Feb 28, 2009

How to get nabbed by SpamCop for Spamvertizing

Here’s a snippet of a SpamCop report received by our abuse desk:

spamvertizing

The backstory is a MailChimp customer sent a campaign to an email list that they collected at an event a long, long time ago (Related: How old lists will kill your deliverability). One of their recipients forgot who the @#%& the sender was, and reported the email to SpamCop.

Forget about the whole issue of whether or not the sender is an innocent victim here, because their list was ‘opt-in.’

What really matters is the sender’s domain name could be tainted, and all their emails (no matter where they send from) could be blocked all over the globe.

Here’s how that happens.

See the "spamvertized web site" links in the screenshot?

Those are some of the domains that SpamCop found in the reported email.

The 3 domains that you see in the screenshot above belong to MailChimp.

The domains listed below them (that you can’t see) are domains that belong to the sender of the email campaign (I’m protecting their privacy here).

There are 3 ways we can get our domains de-listed from SpamCop:

  1. Shut down the sender (the fastest way to get delisted)
  2. Respond to this report, and provide documentation that proves the sender obtained opt-in permission from the recipient, so "as you can see, this is all probably a simple misunderstanding."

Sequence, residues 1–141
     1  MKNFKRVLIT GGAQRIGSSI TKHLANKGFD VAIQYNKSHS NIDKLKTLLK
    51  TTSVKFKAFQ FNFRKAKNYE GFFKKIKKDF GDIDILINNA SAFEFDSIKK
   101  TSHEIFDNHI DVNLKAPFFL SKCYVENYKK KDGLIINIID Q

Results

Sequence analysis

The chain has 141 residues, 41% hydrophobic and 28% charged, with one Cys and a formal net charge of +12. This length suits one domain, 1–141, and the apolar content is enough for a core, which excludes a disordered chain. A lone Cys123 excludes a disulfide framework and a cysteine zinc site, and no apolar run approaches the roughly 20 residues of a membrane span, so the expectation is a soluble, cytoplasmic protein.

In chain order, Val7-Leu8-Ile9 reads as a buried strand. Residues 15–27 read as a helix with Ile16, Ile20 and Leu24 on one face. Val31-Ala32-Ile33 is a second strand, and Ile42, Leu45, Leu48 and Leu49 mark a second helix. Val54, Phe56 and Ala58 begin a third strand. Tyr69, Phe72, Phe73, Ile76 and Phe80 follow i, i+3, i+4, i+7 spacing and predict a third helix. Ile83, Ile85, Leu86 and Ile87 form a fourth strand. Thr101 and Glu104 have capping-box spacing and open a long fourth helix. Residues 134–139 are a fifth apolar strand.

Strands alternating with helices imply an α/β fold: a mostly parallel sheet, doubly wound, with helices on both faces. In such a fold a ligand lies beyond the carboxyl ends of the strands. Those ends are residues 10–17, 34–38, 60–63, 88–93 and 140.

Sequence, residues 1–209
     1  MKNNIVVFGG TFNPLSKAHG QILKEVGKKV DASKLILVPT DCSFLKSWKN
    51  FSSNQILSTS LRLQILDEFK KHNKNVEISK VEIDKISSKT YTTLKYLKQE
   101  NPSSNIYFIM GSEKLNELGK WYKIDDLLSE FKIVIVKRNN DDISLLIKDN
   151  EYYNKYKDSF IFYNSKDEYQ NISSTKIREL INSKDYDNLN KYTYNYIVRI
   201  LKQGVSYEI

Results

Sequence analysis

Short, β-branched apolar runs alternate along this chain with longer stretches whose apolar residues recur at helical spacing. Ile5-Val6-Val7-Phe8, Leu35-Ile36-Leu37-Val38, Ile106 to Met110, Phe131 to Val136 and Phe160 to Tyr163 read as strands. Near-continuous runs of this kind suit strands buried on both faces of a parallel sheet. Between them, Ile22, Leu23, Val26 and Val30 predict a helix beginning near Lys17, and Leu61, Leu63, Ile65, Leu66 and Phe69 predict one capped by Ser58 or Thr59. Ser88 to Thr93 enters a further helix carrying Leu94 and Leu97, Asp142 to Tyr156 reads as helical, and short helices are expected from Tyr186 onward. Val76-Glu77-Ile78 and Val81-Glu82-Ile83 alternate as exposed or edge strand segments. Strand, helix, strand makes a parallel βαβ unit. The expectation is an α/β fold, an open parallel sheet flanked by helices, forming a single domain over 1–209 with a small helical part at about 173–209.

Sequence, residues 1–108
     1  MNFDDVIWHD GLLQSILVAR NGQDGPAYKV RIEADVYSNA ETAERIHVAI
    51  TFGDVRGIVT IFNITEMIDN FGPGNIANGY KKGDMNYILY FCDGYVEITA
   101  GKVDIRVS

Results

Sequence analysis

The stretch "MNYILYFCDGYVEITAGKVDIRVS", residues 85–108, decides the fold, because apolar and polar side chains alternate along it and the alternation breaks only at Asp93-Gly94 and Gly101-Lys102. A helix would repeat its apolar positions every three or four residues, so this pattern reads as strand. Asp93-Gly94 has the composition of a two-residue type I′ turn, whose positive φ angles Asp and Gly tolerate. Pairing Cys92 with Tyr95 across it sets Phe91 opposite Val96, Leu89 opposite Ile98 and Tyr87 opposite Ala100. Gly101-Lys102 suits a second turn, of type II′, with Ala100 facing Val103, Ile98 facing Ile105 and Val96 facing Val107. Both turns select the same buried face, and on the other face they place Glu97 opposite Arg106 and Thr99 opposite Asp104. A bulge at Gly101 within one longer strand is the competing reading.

3. It behooves me not to tell you the third way.

One way or another, MailChimp’s Abuse Desk will get our domains delisted from SpamCop. But if we find out that someone has intentionally violated our terms of use, how hard do you think we’ll try to get the sender’s domain names delisted?

If we find out the sender purchased an email list, or they had an old email list and thought MailChimp would be a convenient way to "clean it," we’re not exactly going to go out of our way to help their domains get delisted from SpamCop as we show them out the door.

The point I’m trying to make is that anti-spam systems "remember" domain names that they find inside of reported spam.

So if we end up deciding to shut down this MailChimp customer with extreme prejudice, and they move to some other email service provider (ESP), their domain will still be remembered as an abuser by SpamCop (and probably other email gateways and firewalls around the globe too).

If you have bad email management practices, you can run, but you can’t hide from your own email reputation.

How do you prevent this from happening to your company’s reputation?

  • Never send unwanted email
  • Don’t surprise anybody with emails they wouldn’t expect
  • Don’t assume that people on your list remember who you are
  • Don’t send to old email addresses
  • Collect proof of opt-in, just in case you’re reported to SpamCop. Without it, ESPs have little recourse but to shut down your account.
  • In your emails, always include some kind of reminder as to how you got the recipient’s email address (you’re receiving this email because…"). Bare minimum, put that in your footer. If it’s your first email campaign, consider making it your first paragraph.